Chemistry 107 Lab Report 11

# Chemistry 107 Lab Report 11 - 118.71g 2e-Na of Sn 1 mol Sn...

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Summary In this experiment we deposit tin onto a piece of cooper by the electrolysis of a tin (II) solution. By measuring the electric current that flows through the solution, we were able to calculate Avogadro’s number. The first thing we had to do was clean off each metal in an acid solution. Once our electrodes were clean we measure each one on an analytical balance. Finally, we let the electrodes sit in a 40 mL Sn 2+ solution for a few minutes and to record observations. As the electrodes set in the solution, data was also imputed to the computer. 1. ( Tin) .7294g – .5725g = .157g lost (Copper) 1.1226 g – 1.1842g = .062g gained Convert mass to moles: Tin .157g / 118. 7 = .0013 mol Copper .062g / 63.54 = .0011 mol 2. Calculate total charge: 144.3 / 1.602E-19 = 9E+20 3. Avogadro’s number 144.3 Sn (S) 1 mol Sn
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Unformatted text preview: 118.71g 2e-Na of Sn 1 mol Sn = 6.02E23 Discussion For some odd reason the Copper gained weight in the solution. The only explanation could be is that the Copper reacts in the Sn more solution than the Tin. What I also lean is not all metals react to electricity. The Sn look it like a crystal like structure while the Cu just deteriorate. Our value came out to be Avogadros number. Even though the electrodes were different the value was very close. The only difference that I seen that could of play a factor is that one metal gain mass and the other loss some. Tin didnt represent a flaw in our method. Avogadros number is best on the elements so we would know the atomic weight of Tin with Avogadros number. 1mol of Sn = 6.02*10^23) In conclusion, we calculated Avogadros number at an accepted value....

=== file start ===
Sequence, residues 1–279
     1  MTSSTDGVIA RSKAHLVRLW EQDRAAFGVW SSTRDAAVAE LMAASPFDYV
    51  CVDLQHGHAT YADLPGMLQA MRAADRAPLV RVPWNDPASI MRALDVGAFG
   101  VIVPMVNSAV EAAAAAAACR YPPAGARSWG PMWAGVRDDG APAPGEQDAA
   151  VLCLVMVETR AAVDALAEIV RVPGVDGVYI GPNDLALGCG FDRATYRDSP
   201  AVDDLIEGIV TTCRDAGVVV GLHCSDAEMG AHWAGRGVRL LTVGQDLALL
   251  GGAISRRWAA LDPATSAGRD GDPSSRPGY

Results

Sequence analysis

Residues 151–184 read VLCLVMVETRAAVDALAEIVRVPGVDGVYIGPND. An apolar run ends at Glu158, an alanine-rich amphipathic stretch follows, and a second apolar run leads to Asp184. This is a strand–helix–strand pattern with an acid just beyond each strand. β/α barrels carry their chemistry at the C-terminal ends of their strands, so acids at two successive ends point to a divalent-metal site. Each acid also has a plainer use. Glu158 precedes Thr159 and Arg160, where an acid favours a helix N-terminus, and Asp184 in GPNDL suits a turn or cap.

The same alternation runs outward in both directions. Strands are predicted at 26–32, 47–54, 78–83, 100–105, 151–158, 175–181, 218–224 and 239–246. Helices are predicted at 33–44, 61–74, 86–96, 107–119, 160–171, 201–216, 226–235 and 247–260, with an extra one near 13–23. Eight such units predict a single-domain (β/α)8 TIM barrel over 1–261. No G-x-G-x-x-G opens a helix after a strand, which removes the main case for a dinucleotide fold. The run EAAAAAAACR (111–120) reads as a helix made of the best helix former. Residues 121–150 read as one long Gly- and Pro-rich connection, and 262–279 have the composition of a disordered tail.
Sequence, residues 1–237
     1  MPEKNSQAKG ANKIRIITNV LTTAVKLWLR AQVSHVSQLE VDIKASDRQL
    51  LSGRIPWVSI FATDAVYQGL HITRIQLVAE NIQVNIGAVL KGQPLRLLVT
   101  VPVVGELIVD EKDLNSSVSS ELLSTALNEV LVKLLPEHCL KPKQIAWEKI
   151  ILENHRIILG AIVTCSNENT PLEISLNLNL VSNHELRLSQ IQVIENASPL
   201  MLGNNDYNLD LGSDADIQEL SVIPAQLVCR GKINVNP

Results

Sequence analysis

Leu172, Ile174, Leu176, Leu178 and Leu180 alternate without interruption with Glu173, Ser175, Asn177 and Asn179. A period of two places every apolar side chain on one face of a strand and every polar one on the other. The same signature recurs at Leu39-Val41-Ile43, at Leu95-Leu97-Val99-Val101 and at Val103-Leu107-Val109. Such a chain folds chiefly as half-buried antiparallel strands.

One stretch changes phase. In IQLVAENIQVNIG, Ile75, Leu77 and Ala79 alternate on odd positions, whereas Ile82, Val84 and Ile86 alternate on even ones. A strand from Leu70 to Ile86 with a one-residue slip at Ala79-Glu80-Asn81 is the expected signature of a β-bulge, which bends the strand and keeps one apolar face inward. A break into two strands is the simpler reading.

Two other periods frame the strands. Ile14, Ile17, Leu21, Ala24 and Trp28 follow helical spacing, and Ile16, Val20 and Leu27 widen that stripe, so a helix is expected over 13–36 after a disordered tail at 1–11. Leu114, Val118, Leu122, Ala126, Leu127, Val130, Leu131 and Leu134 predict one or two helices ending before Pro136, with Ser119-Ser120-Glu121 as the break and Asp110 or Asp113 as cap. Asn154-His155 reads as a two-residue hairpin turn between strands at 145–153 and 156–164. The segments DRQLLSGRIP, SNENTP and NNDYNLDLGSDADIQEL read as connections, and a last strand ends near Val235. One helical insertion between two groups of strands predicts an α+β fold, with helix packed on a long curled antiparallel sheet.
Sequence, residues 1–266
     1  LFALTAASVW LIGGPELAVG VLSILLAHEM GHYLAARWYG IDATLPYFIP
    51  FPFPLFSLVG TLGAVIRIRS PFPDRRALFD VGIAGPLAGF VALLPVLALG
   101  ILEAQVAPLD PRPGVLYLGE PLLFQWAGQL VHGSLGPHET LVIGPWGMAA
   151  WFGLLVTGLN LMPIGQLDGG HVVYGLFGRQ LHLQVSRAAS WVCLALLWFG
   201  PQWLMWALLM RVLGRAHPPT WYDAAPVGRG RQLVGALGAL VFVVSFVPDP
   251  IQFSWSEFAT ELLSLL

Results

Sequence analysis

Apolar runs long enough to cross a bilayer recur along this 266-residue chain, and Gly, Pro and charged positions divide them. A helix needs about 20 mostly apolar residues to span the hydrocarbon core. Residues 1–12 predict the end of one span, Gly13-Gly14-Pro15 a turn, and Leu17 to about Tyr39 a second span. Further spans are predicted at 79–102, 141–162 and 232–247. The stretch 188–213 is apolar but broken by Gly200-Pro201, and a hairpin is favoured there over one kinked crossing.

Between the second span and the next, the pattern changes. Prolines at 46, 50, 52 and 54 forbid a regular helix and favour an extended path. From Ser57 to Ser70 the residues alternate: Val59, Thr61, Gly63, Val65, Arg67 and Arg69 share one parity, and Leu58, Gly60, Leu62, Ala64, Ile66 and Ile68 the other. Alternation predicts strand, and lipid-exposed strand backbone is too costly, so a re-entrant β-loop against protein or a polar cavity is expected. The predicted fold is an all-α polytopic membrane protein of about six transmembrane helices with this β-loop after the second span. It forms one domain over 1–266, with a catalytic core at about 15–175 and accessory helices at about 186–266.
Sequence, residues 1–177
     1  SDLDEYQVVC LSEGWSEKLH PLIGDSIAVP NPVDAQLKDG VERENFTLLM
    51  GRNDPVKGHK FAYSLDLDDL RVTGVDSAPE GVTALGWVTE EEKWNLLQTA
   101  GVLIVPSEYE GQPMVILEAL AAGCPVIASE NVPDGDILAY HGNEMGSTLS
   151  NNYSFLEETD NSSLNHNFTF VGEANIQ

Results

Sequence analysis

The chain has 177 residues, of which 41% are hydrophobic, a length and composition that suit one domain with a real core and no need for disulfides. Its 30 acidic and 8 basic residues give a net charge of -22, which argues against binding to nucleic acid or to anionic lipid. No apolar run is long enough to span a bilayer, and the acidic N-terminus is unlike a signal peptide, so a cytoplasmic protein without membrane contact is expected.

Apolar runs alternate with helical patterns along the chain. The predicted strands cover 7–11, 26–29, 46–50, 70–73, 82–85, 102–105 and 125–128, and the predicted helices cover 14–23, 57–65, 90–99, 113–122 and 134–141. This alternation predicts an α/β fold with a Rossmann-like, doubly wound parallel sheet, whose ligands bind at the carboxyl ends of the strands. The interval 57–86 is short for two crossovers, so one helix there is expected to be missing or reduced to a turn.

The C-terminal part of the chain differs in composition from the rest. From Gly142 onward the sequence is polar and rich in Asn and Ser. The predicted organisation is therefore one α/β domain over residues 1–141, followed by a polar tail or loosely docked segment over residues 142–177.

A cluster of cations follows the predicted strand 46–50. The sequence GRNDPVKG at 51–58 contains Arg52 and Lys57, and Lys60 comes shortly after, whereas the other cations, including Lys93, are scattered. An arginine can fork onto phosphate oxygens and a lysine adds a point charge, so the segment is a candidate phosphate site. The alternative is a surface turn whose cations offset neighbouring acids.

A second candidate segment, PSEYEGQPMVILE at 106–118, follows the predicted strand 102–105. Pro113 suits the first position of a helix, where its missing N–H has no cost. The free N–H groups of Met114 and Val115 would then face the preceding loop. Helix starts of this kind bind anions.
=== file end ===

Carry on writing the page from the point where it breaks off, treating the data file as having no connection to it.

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## This note was uploaded on 11/10/2009 for the course CHEM 107 taught by Professor Generalchemforeng during the Spring '07 term at Texas A&M.

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